As a father of two boys that are growing up at an alarming rate, I find myself torn between two states.
First and foremost, I want to marvel at the wonder of my children experiencing all the magic that life has to offer. I look forward to them reveling in their youth and reaching their respective milestones; things like little teeth falling out or riding bicycles or learning to dive into the pool or being old enough to watch Star Wars.
It really is all kinds of awesome.
That said, a part of me also wants to keep them just as they are now, beautiful, loving, happy little boys that can still plant kisses on their Dad’s forehead without getting embarrassed and that count the number of sleeps until Santa Claus, the Easter Bunny and the Tooth Mouse (that gives them cash for well-maintained little teeth) visit our home.
Living in those two opposite states is difficult. It seems strange too, I’ll concede that. I mean, I do understand that I can only live in the present, its not like I have the option to stay here indefinitely or visit the past and live there, but the truth is simply that I want both.
I want three little things, the yesterday, the today and the tomorrow.
I want to be able to hold my little guy’s hands again while he teeters around the house, taking his first steps on brand new feet. I want to watch him don his gown and set his cap on his curly mop of hair when he graduates from preschool.
I want to feed my eldest boy his first spoonful of peanut butter again and watch him spread it around his delighted little face using all ten fingers and both palms. I want to watch him walk his little brother into Grade 1 next year with his steady hand guiding and reassuring the little guy all the way to his new classroom.
I want to walk behind my little guy again as he scoots around on his plastic three wheeler push bike and listen to pure joy escape from his mouth in the form of loud, animated squeals of delight. I want to see him ride a big bicycle, complete with gears and shocks, over a ramp at a bike park and get ‘big air’.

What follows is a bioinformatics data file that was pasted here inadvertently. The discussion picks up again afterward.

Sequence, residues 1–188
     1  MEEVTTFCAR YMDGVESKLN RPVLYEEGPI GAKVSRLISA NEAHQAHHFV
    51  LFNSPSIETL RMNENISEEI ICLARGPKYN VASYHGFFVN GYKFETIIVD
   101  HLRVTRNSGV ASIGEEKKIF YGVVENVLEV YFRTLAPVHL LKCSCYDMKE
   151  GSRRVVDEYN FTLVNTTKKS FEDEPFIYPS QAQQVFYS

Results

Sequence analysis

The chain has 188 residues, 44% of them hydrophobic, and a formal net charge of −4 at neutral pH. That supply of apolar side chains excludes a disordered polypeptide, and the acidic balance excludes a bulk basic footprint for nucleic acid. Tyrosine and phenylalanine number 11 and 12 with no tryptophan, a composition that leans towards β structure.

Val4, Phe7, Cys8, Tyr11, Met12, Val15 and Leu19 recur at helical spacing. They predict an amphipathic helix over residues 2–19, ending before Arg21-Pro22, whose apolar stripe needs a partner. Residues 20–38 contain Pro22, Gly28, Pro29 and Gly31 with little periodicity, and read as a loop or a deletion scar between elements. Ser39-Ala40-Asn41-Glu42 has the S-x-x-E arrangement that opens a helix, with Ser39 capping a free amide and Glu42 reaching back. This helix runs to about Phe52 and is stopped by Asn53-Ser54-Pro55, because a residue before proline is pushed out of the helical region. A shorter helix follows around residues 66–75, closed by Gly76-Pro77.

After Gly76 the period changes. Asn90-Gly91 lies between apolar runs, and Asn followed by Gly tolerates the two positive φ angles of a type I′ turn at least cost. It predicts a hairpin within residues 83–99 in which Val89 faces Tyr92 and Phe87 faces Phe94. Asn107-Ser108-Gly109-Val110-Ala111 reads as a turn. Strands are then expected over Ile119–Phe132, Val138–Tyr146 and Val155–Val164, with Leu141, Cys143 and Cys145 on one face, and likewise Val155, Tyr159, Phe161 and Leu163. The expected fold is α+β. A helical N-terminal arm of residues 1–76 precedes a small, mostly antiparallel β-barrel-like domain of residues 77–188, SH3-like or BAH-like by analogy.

I want to sit at that cafe in the mall again while my eldest, no more than a year old at the time, props himself up against the table and shouts at every single person walking by. First drawing them in, then dazzling them with a magnificent two-tooth smile and an unaffected belly laugh. I want to watch him delve into his first Hardy Boys book, reading by torchlight at bedtime and then flipping quickly past the scary bits with trembling hands.
I want to hear the little guy chug his bottle of warm tea at bedtime like a piggy and then listen for the empty vessel being tossed unceremoniously across the room when he’s done. I want to see him drive his first car around a parking lot on a warm sunny afternoon in November when he gets his learner’s permit.
I cannot have all of that though. I can have the two little princes they are right now and all the moments that lie ahead. It is the very definition of bittersweet.
I’ll simply have to resolve to take more pictures and videos of them so that from time to time, when I miss the earlier versions of these amazing little humans, I can turn back the clocks and see them again.